Wayne Messam

Screen Shot 2019-04-27 at 2.58.41 PM

First Impression: WAYNE! Wait, who’s Wayne?

First Name/Last Name: First name

This is a pretty traditional presidential design — big name with a little message below. It isn’t centered. It makes good use of the negative space. It uses two typefaces and the tiny “America” is legible. If only we knew who “Wayne” was. There’s a gradient on the big blue “WAYNE” which is nice. 


Beto O’Rourke

First impressions: Viva O’Rourke

First Name/Last Name: First Name

There are two main campaign graphics. Both are played out in a monochrome rectangle. One makes use of the lucky fact that “Beto” has four characters of the same width as does the number “2020.” It works, though some color would be nice. “Beto for America” has a nicer feel. The letters aren’t as heavy and he avoids the Gravel 2020 problem with the horizontal rule around “for America.”


Tim Ryan

Screen Shot 2019-04-27 at 2.37.31 PMFirst Impressions: Check it out, Microsoft Word has a graphics function.

First Name/Last Name: First and last names

Tim Ryan’s campaign graphic is somehow less exciting than Cory Bookers. The saving grace is that the border between the red and blue isn’t centered.


Cory Booker

First Impressions: Red, white, black, and blue

First Name/Last Name: First name

Team Booker is taking advantage of the senator’s first name having four letters to give us horizontal and square versions of a very simple design. There isn’t much to say about it other than the choice of black for the “2020” isn’t helping legibility much.


Pete Buttigieg

Screen Shot 2019-04-27 at 2.45.55 PM.pngFirst Impressions: Which gym do you belong to?

First Name/Last Name: First name (of course)

Mayor Pete gives us a lot to consider in his two-color horizontal “20 Pete 20” graphic. The yellow and black color scheme, as well as the typography, evoke varsity sports. It’s a strong design that probably looks good on t-shirts. It does not look like a presidential campaign. That may be on purpose.


Eric Swalwell

Screen Shot 2019-04-27 at 2.47.27 PM

First Impressions: I had a kid in my office throw something together.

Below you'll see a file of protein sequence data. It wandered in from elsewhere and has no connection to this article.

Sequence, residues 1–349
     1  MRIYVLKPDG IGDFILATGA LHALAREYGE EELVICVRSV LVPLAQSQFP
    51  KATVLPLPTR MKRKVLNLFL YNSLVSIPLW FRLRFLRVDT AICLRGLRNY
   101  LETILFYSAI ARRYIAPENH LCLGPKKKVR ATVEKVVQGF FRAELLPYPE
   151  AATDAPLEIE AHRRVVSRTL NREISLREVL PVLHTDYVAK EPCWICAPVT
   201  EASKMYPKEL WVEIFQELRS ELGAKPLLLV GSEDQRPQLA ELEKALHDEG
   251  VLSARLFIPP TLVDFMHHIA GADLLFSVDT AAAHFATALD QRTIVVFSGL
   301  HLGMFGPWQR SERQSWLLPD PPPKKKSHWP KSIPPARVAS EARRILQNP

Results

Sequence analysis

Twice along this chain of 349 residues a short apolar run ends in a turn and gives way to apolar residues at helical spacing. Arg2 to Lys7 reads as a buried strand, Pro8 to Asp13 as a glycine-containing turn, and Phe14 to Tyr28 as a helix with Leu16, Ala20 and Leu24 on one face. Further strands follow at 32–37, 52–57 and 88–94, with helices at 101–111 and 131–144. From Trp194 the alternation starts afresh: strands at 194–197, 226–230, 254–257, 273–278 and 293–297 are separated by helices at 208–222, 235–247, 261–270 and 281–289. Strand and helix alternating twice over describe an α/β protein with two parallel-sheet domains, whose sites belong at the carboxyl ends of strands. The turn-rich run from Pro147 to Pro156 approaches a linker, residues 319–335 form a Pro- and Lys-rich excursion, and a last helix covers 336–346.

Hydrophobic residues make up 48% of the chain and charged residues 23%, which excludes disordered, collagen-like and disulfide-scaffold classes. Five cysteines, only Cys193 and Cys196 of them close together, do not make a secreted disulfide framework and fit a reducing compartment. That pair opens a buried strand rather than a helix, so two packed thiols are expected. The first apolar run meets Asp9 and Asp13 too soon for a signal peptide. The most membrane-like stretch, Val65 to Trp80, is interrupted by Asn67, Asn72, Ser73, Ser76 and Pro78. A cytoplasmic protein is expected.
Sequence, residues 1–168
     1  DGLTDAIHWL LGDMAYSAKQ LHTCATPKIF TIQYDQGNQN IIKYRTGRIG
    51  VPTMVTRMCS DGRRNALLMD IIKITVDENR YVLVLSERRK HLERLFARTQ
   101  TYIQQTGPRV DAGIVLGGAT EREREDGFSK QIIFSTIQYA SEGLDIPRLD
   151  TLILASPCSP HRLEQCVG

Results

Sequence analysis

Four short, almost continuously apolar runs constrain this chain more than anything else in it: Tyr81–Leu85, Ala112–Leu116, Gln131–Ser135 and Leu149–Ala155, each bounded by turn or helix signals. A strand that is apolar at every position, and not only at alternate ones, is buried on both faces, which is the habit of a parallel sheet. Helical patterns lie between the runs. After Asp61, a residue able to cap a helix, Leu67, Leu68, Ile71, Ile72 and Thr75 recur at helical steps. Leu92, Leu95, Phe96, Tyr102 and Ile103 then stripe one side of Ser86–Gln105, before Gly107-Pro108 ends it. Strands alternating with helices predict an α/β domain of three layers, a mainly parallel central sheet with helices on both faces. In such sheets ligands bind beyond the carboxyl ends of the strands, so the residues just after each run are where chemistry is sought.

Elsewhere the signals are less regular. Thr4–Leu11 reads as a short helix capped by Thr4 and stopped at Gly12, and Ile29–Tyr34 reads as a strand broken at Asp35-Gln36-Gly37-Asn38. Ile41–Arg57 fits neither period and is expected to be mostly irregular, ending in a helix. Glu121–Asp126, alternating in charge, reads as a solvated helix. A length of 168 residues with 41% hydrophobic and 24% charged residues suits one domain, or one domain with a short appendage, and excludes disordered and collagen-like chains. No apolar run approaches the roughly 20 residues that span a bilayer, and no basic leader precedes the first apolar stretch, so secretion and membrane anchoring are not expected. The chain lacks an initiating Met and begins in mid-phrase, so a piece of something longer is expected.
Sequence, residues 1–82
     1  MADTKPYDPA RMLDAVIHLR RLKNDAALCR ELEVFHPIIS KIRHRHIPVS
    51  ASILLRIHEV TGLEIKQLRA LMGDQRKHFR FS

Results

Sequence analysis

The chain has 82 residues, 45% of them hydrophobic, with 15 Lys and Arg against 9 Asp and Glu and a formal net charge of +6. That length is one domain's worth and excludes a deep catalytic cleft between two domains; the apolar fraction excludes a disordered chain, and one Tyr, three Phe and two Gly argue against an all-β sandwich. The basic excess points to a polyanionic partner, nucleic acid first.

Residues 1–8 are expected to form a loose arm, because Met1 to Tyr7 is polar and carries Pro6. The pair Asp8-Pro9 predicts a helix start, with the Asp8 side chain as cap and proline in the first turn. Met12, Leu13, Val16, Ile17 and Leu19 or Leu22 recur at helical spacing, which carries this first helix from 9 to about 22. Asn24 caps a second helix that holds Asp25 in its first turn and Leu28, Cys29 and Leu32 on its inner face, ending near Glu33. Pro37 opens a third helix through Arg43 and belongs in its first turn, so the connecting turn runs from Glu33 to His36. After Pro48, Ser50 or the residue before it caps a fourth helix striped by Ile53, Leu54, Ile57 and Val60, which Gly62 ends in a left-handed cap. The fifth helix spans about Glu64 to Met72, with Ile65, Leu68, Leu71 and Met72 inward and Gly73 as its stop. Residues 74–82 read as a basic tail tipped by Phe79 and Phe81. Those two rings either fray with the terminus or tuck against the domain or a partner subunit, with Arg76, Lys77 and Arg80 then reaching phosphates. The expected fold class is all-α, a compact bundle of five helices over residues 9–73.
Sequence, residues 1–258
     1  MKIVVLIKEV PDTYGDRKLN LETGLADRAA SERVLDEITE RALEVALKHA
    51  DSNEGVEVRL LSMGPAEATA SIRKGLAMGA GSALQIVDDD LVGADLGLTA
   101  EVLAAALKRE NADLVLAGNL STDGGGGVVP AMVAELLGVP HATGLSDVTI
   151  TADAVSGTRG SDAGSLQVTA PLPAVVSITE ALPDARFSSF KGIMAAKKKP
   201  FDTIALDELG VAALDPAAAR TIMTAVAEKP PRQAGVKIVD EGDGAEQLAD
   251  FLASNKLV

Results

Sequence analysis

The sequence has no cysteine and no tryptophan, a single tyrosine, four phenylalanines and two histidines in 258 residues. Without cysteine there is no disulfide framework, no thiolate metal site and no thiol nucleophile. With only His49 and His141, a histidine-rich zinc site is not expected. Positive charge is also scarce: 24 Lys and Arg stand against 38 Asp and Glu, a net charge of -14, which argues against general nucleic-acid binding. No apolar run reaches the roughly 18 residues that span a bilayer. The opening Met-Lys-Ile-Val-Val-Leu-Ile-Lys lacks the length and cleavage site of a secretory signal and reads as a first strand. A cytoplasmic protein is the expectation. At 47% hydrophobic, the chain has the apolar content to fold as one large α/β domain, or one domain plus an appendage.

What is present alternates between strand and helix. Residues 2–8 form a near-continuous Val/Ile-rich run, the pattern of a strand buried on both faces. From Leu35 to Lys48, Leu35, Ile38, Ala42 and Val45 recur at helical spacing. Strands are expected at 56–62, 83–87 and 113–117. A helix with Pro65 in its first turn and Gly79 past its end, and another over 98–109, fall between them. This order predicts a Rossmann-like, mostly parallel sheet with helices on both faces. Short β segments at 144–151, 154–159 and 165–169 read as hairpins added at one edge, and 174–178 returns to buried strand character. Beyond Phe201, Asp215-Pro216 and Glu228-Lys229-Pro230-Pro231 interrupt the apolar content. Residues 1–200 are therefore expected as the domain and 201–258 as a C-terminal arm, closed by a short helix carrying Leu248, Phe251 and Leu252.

First Name/Last Name: First name and last name

Gimme something that says “I’m a guy running for office” — all caps san-serif stacked in red, white, and blue. It is the “Basic” Snapchat filter of graphic design. Red stripes to fill the negative space and block capitals to evoke strength. *sniff* *sniff* Smells like someone is running to increase name recognition. Not putting a “2020” on it means you can reuse it in four years.


Seth Moulton

First Impressions: As squares go, this isn’t bad.

First Name/Last Name: First and last name

The Moulton campaign offers their graphic in a three-color or one-color option. It is a stacked square with a star between 20 and 20. This is a nice touch and it is immediately recognizable without distracting from the meaning of 2020. But it is too big. It is larger and wider than either 20 so the line has to be dropped to accommodate it. this leaves a lot of negative space in the middle of the graphic. It isn’t quite as noticeable in the single-color version but on the color one it stands out like a beacon.

That may be because the blue used in “Moulton” is so light. I’d like to see a version with a red “Moulton” to see if that mitigated the effect. Still, an overall fun design.


Joe Biden

First Impressions: Who’s “Jo Bidn?”

First Name/Last Name: Both

There are two options at the Biden camp — “JOE 2020” is a rectangle in which the “J” in Joe is flying out there in front and the red stripes that form the “E” show movement. Joe is out front! Or at least “Jo” is out front. That E isn’t doing what they think it’s doing. “BIDEN PRESIDENT” is an interesting choice because they use the stripy E again (why bring the weakest element across all the graphics?). But it’s also weird in that there’s no preposition. Biden FOR President. Nope. Just Biden. President. I guarantee you someone pitched this design with the word “president” above Biden’s name.


Honorable Mention: Mike Gravel

Screen Shot 2019-04-27 at 3.10.41 PM

First Impressions: “What’s going on with that a?”

First Name/Last Name: Last Name

What’s going on in that “a” is a tiny waving single-star flag. I’m all for iconography. I’m all for invoking the flag, even a stylized version with one color and one star. This is too tiny to read. Also, brighten your red or increase the size of “2020” so that you haven’t got a top-heavy shape balancing on a tiny red one. The whole thing looks like it’s about to topple over.